Mathematical Methods in Hellenistic Times
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Read Chapter 5 that starts on page 133 and answer the 3 questions
3.5 Ratio and Proportion 71
FIGURE 3.22
Diagonals of inner pentagon
of a pentagram
then
= a. But then AE = AF, and since by construction AE = FC, it follows that triangle
AFC is isosceles and that d = ? . Finally, a = ß + ? = d + d = 2d, as desired. To show that
ß = d, circumscribe a circle around triangle AFC. Since the rectangle contained by CE,
FE, equals the square on FC, it follows that this rectangle also equals the square on AE.
Proposition III–37 then asserts that under these conditions on the lines AE and CE, AE is
tangent to the circle. Proposition III–32 then allowed Euclid to conclude that ß =d as desired,
completing the proof of the construction.
Given the isosceles triangle with base angles double the vertex angle, the inscribing of
the regular pentagon in a circle is now straightforward. Euclid first inscribed the isosceles
triangle ACE in the circle. Next, he bisected the angles at A and E. The intersection of these
bisectors with the circle are pointsD and B, respectively. Then A, B, C, D, E are the vertices
of a regular pentagon.
Euclid completed Book IV with the construction of a regular hexagon and a regular 15-
gon in a circle, but did not mention the construction of other regular polygons. Presumably, he
was aware that the construction of a polygon of 2nk sides (k = 3, 4, 5) was easy, beginning
with the constructions already made, and even that, in analogy with his 15-gon construction,
it was straightforward to construct a polygon of kl sides (k, l relatively prime) if one can
construct one of k sides as well as one of l sides. Whether he was aware of a construction for
the heptagon, however, is not known. In any case, that construction, the first record of which
is in the work of Archimedes, would for Euclid be part of advanced mathematics, rather than
part of the “elements,” because it requires tools other than a straightedge and compass.
3.5 RATIO AND PROPORTION
The regular pentagon is part of the pentagram, evidently one of the symbols used by the
Pythagoreans. Thus, it is believed that the Pythagoreans worked out a construction of the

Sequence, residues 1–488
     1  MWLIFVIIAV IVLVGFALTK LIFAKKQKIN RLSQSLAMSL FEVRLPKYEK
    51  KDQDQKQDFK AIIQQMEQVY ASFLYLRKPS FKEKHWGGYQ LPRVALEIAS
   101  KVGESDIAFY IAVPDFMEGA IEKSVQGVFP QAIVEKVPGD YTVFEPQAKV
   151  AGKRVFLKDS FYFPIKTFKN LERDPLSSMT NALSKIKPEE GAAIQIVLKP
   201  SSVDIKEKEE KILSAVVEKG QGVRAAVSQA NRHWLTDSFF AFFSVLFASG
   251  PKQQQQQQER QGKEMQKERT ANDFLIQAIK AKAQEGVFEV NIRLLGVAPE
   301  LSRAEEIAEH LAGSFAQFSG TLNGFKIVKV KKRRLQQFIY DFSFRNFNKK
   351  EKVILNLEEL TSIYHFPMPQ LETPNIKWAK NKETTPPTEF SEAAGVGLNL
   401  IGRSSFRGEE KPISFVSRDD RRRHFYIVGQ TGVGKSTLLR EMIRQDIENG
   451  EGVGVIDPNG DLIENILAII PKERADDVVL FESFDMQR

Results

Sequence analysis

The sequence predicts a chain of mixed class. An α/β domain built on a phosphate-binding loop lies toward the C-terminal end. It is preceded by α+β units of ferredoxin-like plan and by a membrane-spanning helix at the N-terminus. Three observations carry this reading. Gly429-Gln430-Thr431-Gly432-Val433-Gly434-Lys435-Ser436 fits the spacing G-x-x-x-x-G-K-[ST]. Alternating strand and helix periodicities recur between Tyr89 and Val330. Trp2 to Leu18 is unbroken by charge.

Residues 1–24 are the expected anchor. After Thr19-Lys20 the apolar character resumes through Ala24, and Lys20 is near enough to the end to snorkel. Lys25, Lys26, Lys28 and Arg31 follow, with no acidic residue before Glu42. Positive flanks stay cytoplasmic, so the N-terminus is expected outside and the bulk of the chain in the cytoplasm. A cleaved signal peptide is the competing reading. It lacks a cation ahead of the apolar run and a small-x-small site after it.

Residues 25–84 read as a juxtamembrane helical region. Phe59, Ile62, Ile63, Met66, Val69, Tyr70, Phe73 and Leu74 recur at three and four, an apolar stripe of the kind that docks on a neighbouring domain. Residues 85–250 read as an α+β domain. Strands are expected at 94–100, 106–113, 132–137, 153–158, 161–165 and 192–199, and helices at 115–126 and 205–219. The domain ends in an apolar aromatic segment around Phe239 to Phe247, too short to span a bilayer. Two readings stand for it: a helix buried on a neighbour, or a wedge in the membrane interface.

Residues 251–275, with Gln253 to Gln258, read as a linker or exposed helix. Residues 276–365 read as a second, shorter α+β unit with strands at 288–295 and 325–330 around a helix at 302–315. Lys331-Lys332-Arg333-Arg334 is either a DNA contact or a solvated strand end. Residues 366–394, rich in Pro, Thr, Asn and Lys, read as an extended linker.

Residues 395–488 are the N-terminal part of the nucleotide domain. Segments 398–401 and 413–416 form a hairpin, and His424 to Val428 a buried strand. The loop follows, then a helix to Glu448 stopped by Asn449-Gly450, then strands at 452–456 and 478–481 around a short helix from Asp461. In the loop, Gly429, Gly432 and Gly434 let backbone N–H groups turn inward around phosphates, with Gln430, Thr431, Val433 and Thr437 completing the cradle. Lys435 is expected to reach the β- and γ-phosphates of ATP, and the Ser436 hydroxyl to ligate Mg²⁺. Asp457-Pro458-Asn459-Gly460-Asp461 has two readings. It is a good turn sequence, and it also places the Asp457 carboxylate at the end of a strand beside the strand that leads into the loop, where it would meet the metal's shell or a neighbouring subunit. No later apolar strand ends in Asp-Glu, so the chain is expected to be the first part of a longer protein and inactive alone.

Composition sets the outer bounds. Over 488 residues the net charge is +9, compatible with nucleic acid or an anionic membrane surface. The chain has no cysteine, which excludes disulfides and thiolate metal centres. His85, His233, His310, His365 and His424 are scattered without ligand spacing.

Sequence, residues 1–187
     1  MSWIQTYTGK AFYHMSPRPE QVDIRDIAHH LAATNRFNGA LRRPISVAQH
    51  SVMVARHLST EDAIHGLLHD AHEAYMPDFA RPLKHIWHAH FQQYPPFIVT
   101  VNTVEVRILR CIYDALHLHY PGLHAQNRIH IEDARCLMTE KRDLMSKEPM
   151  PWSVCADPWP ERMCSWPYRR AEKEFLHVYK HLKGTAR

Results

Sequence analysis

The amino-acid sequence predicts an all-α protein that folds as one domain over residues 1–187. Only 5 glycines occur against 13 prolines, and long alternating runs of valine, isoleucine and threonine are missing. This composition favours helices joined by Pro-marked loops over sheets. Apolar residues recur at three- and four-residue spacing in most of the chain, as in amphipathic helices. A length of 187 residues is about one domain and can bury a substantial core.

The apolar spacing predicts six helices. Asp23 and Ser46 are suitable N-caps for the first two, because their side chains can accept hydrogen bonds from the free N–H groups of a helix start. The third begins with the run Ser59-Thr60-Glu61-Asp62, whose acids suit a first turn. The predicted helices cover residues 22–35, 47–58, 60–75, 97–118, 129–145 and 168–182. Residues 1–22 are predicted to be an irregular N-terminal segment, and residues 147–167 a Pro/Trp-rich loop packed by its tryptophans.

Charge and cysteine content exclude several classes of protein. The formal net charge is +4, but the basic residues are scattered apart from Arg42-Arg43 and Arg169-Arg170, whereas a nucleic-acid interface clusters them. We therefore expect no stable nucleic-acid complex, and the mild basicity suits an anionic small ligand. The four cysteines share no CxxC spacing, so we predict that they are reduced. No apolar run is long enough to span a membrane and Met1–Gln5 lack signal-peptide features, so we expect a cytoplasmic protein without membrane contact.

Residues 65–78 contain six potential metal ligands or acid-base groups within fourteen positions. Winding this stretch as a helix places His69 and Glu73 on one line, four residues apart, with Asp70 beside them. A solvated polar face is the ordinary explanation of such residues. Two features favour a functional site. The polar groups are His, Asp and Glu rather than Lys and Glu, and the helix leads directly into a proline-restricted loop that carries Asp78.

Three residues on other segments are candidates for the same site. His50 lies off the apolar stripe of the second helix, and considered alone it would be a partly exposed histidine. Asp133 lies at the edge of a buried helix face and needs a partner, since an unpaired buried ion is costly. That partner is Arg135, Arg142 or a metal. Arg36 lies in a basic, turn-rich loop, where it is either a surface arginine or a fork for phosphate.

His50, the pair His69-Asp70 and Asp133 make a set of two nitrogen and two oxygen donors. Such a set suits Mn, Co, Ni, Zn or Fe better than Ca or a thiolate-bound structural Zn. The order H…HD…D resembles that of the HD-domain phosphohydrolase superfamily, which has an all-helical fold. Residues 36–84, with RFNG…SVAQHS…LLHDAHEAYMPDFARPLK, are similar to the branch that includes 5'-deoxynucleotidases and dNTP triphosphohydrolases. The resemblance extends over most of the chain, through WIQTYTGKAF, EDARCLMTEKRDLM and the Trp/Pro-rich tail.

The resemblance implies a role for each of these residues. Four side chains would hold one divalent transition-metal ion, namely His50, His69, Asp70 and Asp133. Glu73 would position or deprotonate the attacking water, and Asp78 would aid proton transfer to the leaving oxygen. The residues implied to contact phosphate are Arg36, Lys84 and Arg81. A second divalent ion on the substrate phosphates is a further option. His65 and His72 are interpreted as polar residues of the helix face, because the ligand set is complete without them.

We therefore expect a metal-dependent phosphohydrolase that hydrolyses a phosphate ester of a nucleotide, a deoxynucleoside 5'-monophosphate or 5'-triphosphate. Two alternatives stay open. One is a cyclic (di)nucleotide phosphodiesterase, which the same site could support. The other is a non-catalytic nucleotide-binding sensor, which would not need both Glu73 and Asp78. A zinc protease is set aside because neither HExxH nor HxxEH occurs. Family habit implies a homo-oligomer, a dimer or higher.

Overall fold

pentagon, although more likely their construction used similarity rather than the method
described above. It is therefore plausible that the property of the pentagram in reproducing
itself when one connects the diagonals of the inner pentagon (Fig. 3.22) could well have
been an alternative path to the discovery of incommensurability, rather than the one described
earlier. To explain this, we need to move to Book VII, the first of the three books of number
theory in the Elements.
Book VII, like all the number theory books, deals with what we call the positive integers in
contrast to the geometrical magnitudes of the earlier books. And the first item of business for
Euclid here is the familiar process for finding the greatest common divisor of two numbers.
This algorithm, usually called the Euclidean algorithm although certainly known long
before Euclid, is presented in Propositions VII-1 and VII-2. Given two numbers, a, b, with
a >b, one subtracts b from a as many times as possible; if there is a remainder, c, which of
course must be less than b, one then subtracts c from b as many times as possible. Continuing
in this manner, one eventually comes either to a number m, which “measures” (divides) the
one before (Proposition VII–2), or to the unit (1) (Proposition VII–1). In the first case, Euclid
proved that m is the greatest common measure (divisor) of a and b. In the second case, he
showed that a and b are prime to one another. For example, given the two numbers 18 and
80, first subtract 18 from 80. One can do this four times, with remainder 8. Next subtract 8